Later in his career Bob Willis re-invented himself as a hard-working, accurate quick who would bowl as long as required. The Bob Willis of Headingley 1981 was a genuinely frightening prospect who sustained his pace for a long time. Later, as captain, no one in the attack worked longer or harder, even one IT Botham, when overs needed bowling as he tried to inspire a poor side by example. Perhaps, had he had the same work ethic a couple of years earlier we would remember him as one of the greatest of all England quicks instead of just a very good one.

  • Comment number 21.

    Glenn McGrath: the new yardstick for pointless comparisons following on from 'the new Botham', 'the new Warne', and 'the new Paras Mhambrey'.

    Time after time, articles on Steven Finn either claim directly or hint indirectly that he's some kind of metronomic machine in the McGrath and Fraser mould. I find this puzzling as he's not demonstrated to me that he has supreme accuracy. He's impressive for his age but compare his stats to Kemar Roach, a guy who is younger than Finn, who has played against better Test batting sides (Australia and South Africa) than Finn, and who currently has a lower Test and first class economy rate. I don't hear people mentioning Roach as a metronomic bowler whilst invoking images of McGrathian parsimony. It wasn't long ago that Steve Waugh was comparing Ishant Sharma to McGrath, despite Ishant being out of form then and continuing that trend. Despite the massive drop in form, Ishant is still more economical at Test level than Finn and only a year older.

    So what is Finn? At the minute, I'm not sure how he can be judged. Eight Tests, six of which came at home in a wet summer on pitches offering a lot of seam assistance against two sides who batted poorly, have shown some good mental ability and real potential with the ball. Whether he's ready for Australia is another matter and the selection of Tremlett, essentially an eight years more experienced version of Finn, suggests that the selectors want that backup option.

    Stargazer's point about English frailties being the focus is well made. Australia have tremendous problems. Clarke is out of touch and Hussey and North are possible candidates for the drop. That puts a lot of pressure on the top order. Both bowling attacks are pretty workmanlike. Johnson is the loose cannon for Australia and it's clear that the selectors have been considering having their own counter to Finn over the last few months, with tall guys like Josh Hazelwood, Clint McKay, and Peter George playing at some point internationally over the last year. Hilfenhaus and Johnson are certainties, one has to wonder how Hauritz feels mentally after India, Bollinger has repetitive wig syndrome, and Peter Siddle seems to not be quite up to speed after injuries and action changes. Very strange times in the green and gold camp.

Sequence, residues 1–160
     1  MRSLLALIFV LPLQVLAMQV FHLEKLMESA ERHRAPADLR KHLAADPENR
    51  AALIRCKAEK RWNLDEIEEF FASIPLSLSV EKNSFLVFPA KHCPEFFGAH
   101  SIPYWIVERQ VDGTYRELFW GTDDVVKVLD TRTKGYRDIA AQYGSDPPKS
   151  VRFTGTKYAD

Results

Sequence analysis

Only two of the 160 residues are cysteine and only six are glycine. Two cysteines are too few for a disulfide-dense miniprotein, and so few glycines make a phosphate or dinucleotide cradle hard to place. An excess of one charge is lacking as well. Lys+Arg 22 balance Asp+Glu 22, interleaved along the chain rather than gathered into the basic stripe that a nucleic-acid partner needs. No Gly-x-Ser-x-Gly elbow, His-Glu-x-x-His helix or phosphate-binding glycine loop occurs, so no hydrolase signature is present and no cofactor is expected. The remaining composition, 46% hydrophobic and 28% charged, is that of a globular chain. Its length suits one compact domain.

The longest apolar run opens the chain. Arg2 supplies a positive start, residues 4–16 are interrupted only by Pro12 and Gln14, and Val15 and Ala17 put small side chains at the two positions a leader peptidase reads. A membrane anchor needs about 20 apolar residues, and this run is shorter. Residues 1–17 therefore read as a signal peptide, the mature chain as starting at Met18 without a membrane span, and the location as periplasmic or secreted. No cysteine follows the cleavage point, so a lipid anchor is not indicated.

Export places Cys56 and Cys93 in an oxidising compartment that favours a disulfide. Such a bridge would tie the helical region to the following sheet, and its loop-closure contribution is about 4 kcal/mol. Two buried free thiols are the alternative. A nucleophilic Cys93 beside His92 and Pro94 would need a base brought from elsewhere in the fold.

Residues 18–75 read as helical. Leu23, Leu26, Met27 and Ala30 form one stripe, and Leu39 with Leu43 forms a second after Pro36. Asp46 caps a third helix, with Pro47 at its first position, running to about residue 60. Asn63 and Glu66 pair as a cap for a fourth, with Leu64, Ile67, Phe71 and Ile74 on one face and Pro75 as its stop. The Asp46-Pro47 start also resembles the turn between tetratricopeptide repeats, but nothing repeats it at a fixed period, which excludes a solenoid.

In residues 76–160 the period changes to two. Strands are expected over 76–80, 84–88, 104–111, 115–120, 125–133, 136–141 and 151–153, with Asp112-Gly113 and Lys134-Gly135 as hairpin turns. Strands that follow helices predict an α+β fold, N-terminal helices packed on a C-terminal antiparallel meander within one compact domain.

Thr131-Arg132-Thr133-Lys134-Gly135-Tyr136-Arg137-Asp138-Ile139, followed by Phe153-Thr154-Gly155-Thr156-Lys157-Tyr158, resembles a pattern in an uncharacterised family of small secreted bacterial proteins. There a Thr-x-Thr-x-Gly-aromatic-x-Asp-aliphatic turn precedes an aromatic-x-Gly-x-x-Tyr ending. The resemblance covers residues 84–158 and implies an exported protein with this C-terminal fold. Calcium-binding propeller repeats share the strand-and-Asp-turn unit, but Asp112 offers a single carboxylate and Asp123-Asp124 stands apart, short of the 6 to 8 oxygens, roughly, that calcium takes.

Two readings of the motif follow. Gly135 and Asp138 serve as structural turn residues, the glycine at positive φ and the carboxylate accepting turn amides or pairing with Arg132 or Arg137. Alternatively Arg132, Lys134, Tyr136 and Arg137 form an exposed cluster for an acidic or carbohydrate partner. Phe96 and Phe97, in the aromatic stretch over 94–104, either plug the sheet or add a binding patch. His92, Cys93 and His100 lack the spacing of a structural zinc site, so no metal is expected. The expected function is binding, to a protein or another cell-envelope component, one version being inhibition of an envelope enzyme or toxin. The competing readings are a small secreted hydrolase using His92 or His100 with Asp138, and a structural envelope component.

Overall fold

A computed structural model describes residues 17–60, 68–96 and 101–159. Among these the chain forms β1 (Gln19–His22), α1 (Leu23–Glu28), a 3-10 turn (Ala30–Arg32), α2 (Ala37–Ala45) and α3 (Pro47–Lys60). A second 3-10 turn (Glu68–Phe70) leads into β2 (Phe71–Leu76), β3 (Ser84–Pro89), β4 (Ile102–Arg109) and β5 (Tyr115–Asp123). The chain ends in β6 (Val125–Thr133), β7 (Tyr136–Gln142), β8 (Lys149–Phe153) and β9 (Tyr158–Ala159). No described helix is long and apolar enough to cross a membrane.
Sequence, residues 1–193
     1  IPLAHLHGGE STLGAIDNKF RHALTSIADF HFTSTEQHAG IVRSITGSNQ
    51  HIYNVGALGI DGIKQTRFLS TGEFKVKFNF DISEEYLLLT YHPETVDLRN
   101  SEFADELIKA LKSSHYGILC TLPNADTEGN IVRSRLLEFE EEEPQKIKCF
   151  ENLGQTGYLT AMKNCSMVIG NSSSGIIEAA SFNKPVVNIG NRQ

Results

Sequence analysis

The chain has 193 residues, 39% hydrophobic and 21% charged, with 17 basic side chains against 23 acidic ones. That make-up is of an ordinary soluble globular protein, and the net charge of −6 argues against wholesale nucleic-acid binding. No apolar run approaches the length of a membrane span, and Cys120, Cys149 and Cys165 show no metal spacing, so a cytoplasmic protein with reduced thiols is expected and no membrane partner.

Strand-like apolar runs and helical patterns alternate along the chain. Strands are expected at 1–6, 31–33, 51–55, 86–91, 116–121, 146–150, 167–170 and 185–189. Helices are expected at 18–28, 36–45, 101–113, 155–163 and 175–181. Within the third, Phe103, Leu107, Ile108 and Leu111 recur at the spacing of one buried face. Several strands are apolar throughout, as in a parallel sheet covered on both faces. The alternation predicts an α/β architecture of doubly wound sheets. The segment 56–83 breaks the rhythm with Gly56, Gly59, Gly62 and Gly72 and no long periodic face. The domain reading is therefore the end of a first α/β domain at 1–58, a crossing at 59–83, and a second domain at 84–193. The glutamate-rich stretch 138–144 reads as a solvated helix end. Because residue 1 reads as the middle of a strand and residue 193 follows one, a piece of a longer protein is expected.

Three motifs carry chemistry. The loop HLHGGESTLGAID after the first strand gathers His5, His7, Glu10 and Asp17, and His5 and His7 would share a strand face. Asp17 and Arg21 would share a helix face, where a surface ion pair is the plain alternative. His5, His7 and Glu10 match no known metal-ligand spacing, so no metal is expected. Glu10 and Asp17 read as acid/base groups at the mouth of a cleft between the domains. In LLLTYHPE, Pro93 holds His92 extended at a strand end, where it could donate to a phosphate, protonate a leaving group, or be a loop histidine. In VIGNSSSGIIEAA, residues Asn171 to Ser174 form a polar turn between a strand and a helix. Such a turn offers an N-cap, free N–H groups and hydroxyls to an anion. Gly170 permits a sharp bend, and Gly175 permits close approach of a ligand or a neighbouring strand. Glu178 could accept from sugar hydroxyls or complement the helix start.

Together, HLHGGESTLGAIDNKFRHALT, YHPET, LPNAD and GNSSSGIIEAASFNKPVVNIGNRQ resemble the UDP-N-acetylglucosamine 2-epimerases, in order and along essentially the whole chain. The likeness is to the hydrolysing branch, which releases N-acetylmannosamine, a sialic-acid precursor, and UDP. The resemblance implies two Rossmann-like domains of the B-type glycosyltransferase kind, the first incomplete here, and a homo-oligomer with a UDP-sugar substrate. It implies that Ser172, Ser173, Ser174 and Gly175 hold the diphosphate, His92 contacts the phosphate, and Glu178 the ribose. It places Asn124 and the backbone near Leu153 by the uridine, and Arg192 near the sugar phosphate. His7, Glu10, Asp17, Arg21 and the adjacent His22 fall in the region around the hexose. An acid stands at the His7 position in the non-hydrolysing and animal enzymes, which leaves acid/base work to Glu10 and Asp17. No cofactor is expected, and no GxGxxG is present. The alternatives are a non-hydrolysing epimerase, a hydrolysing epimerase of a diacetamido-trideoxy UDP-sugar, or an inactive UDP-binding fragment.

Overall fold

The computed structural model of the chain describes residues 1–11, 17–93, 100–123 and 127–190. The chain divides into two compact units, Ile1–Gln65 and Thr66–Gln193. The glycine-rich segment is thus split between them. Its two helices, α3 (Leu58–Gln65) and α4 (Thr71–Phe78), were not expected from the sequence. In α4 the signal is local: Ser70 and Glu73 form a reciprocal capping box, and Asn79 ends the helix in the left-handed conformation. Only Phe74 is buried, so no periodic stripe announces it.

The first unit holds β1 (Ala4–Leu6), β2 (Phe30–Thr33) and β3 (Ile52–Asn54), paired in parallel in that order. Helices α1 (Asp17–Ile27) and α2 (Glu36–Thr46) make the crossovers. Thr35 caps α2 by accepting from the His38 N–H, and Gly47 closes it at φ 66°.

• Comment number 22.

    21. "Hussey and North are potential candidates for the drop..."

    And today Hussey went for a first baller and North for 10 in WA's Shield match, both dismissed by a slow left-armer called Aaron O'Brien.

    For what it's worth I personally don't see much of McGrath in Finn, but I do see a lot of Fraser. And I wasn't saying he was the new anything, just drawing some comparisons to aid people who might now have seen much of him.

  • Comment number 23.


    I wasn't complaining about you, just an observation on how 'the new McGrath' has been dished out as the fabled comparison over the last couple of years to anyone with a bit of height and a lanky frame.

    Good point on the Hussey and North failures. Usman Khawaja did score runs after his epic 214 in the last game ( and I like his style. If he did make an Ashes debut, it'd also be interesting to see the reaction in the Aussie media to him playing as Australia's first Muslim and as someone not born in Australia. Would it stop the 'English Saffers' jibes? Probably not. Australia need some new energy in the batting department.

  • Comment number 24.

    Sorry Oliver but your comments on John Snow are just way off the mark. I suspect you were not there to watch that series. I was , and can assure you that Snow's performance was outstanding, and statistics alone don't convey the degree to which he dominated the Australian batting.
    I would certainly not belittle the efforts of Bob Willis and Ian Botham -and Willis himself in fact played an important part in the final match of Snow's 1970/71 series - but neither had the single handed impact of Snow on the Illingworth tour. You cite Snow's small number of wickets in WINS in Australia but this is Gross Misuse of Statistics : England only won two matches (to nil) on Snow's only tour, and you have failed to note that he injured his hand in the final innings of the latter match and hardly bowled.
    Plus the the other 20 wickets in drawn games are hardly something to be ignored!

    If Finn (or anyone else) puts his name up with Willis, Botham, (and Tyson and Statham a little earlier) as Ashes winning fast bowlers in Australia , I will be delighted, but anyone who doesn't also include John Snow in that pantheon is talking through his hat.

  • Comment number 25.

    Im flaberghasted this guy has bene picked off the back of bowling over a feeble Bangladesh side. Richard Johnson and Ed Giggings did the same and what ever happned to their England career? I think he is the weak link and he and Andersen will struggle with the Kookabura ball and go to the roped. i watched Finn bowl at Northampton and wasnt impressed at all.

  • Comment number 26.

    Tall bowlers like Finn and Tremlett in Australia have a tendancy to over-stride when striving for extra pace, and thus bowl lots of no balls.

    If anyone can let me know EXACTLY when these no balls will be bowled, that information will be put to good use!!!!!